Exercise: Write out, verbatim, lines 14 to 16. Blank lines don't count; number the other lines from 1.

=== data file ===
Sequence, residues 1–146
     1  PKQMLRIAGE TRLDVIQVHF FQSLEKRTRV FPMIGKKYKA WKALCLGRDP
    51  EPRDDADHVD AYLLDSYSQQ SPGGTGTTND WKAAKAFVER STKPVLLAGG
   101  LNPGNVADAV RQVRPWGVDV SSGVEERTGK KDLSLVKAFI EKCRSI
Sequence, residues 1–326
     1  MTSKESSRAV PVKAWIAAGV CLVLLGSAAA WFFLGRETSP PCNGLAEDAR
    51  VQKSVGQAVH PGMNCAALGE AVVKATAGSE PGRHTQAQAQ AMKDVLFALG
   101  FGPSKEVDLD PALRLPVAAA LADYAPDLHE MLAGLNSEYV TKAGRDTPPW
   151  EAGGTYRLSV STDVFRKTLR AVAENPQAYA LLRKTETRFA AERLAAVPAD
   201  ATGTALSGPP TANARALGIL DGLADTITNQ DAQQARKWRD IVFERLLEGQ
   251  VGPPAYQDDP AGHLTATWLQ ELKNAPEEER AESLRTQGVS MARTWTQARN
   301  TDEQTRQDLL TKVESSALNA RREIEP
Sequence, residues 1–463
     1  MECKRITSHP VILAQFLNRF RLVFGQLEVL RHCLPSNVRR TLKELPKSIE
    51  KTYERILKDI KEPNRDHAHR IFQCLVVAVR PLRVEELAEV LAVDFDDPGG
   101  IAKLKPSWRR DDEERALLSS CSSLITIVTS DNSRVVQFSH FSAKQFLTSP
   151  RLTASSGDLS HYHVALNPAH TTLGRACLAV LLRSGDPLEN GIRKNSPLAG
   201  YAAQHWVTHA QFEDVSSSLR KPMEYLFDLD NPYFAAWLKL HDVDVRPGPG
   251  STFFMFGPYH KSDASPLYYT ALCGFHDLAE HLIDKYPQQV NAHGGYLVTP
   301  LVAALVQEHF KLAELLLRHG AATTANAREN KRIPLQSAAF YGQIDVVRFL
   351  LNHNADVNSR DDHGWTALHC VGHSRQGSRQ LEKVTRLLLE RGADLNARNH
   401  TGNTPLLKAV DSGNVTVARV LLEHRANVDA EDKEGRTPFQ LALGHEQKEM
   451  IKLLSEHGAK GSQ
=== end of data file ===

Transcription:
     1  MECKRITSHP VILAQFLNRF RLVFGQLEVL RHCLPSNVRR TLKELPKSIE
    51  KTYERILKDI KEPNRDHAHR IFQCLVVAVR PLRVEELAEV LAVDFDDPGG
   101  IAKLKPSWRR DDEERALLSS CSSLITIVTS DNSRVVQFSH FSAKQFLTSP